Today is the last day for GEIS 2018. It’s been an amazing couple of days so far and I did hear yesterday that there were going to be presentations on the evidence-based common elements of practice so I hope that I can manage to get to those sessions.
An exciting moment occurred on my way to the convention center. I had not realised that built onto the side of the Yarra River at the edge of the park that I walked past there was a helicopter landing pad with room for two helicopters. As I spotted one helicopter that had already landed I spotted another helicopter landing. Just as I was musing how amazing to watch it ‘parking’ in the middle of the city, it starts to take off again. I hadn’t seen anyone get on or off! Then not two minutes later, a third helicopter flew in and landed where the second helicopter had landed. Heli-pad traffic jams! Wow!
Maybe it’s just the country-bumpkin in me, but this was something I had not witnessed before nor would I have expected to see it happening in the middle of Downtown Melbourne.
Once again however I was late getting organised which is a shame as I missed the final keynotes. Mind you when I did get there, the first concurrent session that I wanted to attend on Program Logics was standing room only! However, I did get to connect with a few more great people from other countries and exchange contact details with some I had spent a bit of time with throughout conference.
After that, I went into the final two sessions for the Concurrent session about ‘Using data and monitoring to improve social outcomes’. Here I wanted to hear how someone from the Positive Parenting Program (PPP) would present their data, especially given the ‘challenging’ comments on day one about how PPP tends to evaluate their programs when thinking about understanding the biases we bring to our research. This presentation was particularly interesting because they were focusing on how they built capacity for program delivery through the training of facilitators. The point I remember most from what Libby Magnus from Triple P International was saying was that when they tried to get as much training completed as quickly as possible, the outcomes and the buy-in to delivering the program was limited. When they slowed down and focused on building relationships with organisations who would potentially deliver the program as well as provide follow-up support to those who took up the opportunity to train in PPP, they uptake improved. Here was a case where the monitoring of program outcomes enabled corrections to the delivery of services that in turn produced better results both for the organisation providing the training and the organisations delivering the program to their clients.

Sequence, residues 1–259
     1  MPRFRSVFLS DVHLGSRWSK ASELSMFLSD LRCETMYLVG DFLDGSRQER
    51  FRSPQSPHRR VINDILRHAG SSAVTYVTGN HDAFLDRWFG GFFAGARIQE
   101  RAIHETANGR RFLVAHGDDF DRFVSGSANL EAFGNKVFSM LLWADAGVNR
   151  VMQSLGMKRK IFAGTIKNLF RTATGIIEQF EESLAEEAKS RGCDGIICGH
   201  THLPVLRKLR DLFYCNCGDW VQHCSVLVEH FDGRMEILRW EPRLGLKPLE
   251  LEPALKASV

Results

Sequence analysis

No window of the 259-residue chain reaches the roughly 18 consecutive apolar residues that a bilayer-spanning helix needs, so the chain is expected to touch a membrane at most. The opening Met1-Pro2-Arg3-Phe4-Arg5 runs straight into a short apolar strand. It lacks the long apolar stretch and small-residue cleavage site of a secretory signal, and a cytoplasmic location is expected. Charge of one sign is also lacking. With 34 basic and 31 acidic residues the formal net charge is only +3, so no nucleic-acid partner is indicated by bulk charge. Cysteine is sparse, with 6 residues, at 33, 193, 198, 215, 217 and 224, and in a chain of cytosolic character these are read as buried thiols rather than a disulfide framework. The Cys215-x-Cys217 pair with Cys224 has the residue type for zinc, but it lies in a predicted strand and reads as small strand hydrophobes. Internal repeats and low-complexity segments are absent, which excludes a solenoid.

Conal Smith from New Zealand presented an extremely interesting demonstration of ways to use data and how sometimes it works and sometimes it doesn’t. While the findings themselves were interesting, it was also about the ways they considered the methods and processes that lingered with me. So often we can think because data produces a result it is useful when in fact, we need to interrogate our results, consider what’s missing and start again if it doesn’t work out.
Just come out of the Common elements talks – well only heard two out of the three presentations. Mind is feeling somewhat fried!
The notion of implementing common elements into practice is quite exciting because it means that the focus is not so much on maintaining program integrity as much as ensuring the integrity of practice. Mind you it is concerning (and yet to be expected) the one of the barriers to implementing evidence-based programs is practitioners egos and their ability to incorporate improvement of practice as good thing rather than a personal attack on their abilities. Thomas Engell, from Norway and Brigid Van Wanrooy from DHHS Victoria gave excellent presentations. As I said to them both later when I ran into them, this concept for focusing on the common elements of practice being the evidence really ‘compliments’ the current demand for service providers to ensure the programs they deliver are evidence based and/or evidence-informed.
One of the challenges smaller agencies like my own face is that there are limited opportunities for research and synthesising the literature and knowledge around evidence-based practice for programs that have been internally developed. I suspect as the concept of evidence-based elements is developed, this will be better to test and evaluate the quality of of what is delivered regardless of the program.
I stayed after lunch for the final session and it was a lovely way to finish off the conference; hearing from the keynote speakers still there about their impressions. The conference was an excellent opportunity for me to take time out to think about what I do in my role at work and to consider what other in my work place have said to me in light of what I was learning. Working in the field of monitoring, evaluating, supporting long-term successful programs to identify evidence-based elements to what is being achieved is challenging. Opportunities like attending the GEIS 2018 help me to realise that while there is still much to do, as an organisation we are well on our way to providing a quality service to our clients and our local community.